“I am so honored to have this opportunity to work with the staff, families and students of CTA,” shared Mattson. “From the minute I stepped on the campus I knew this was the place for me. The love and care this staff shows towards their students is inspiring. I am looking forward to getting to know the entire CTA family and working with our community to help each student dream big, reach their goals and experience success.”

Mattson is married to Scott Mattson, and they have two children.

Oldebekking, who was appointed in 2012 after spending six years teaching at CTA, led the school during a period of growth and also oversaw student athletic programs.

“My time at CTA has been great. I started as a teacher and the relationships with the students, staff and families are irreplaceable,” said David Oldebekking, current dean of students. “There are so many great people that make up this school family and I am going to miss them all.”

“Dave Oldebekking has exceptionally served CTA for 10 years,” shared Dan George, School Leader/Superintendent. “I am sad to see him leave education because he has been an outstanding teacher, administrator, coach, mentor, and role model for kids and staff. I am also excited for him and his family for the opportunity that awaits him in his new position.”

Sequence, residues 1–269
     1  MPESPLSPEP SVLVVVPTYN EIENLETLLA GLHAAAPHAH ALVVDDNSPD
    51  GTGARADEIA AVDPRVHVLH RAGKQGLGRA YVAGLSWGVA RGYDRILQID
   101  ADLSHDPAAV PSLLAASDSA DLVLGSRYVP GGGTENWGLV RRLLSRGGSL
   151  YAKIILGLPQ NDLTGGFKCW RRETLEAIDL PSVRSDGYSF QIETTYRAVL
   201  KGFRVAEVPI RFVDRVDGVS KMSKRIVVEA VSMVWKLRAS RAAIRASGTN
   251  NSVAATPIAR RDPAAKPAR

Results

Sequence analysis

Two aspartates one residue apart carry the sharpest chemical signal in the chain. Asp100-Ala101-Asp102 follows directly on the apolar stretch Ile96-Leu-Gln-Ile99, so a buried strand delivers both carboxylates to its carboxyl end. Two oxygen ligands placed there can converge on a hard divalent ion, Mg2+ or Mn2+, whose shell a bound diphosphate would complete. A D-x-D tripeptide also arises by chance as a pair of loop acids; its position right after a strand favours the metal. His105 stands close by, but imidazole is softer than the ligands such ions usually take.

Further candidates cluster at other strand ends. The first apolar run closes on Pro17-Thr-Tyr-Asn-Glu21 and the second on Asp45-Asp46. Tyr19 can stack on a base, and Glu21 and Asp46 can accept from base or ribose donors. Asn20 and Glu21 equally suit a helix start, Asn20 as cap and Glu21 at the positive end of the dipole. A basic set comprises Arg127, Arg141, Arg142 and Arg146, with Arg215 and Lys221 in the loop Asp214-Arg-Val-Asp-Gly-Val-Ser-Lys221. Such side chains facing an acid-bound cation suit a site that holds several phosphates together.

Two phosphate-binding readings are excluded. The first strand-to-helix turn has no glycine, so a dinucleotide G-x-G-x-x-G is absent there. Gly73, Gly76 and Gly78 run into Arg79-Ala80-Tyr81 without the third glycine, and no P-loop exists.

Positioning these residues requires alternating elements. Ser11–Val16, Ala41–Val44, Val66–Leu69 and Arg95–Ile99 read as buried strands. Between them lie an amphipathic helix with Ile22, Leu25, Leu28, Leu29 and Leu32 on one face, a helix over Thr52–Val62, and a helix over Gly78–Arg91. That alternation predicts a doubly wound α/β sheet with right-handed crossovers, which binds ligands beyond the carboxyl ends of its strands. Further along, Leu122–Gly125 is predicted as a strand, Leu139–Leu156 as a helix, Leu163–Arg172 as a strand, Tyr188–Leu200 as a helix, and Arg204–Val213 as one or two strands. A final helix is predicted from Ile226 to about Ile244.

When Oldebekking’s new opportunity arose, he hoped that CTA would find someone who loved the school and wanted to see it flourish and believes that Mattson fits the bill. “I am confident that she will do great things and I cannot wait to see what she does,” he commented.

 

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A DISTRICT DIVIDED


 

N-Sunshine-logoResidents, teachers want answers from school board; others supportive of changes

By Judy Reed

“Why have four administrators left since Dr. Laura VanDuyn was hired as Superintendent two years ago? Why has the culture at Cedar Springs Public Schools changed?” Those are the questions that many residents and school employees are asking the Cedar Springs Board of Education, while many other residents and school employees say they are supportive of the changes.

The Board of Education heard both kinds of comments from a cross-section of residents and employees at Monday night’s standing-room only board meeting. Overflowing attendance has become the norm recently, as people on both sides of the issue yearn to have their voice heard.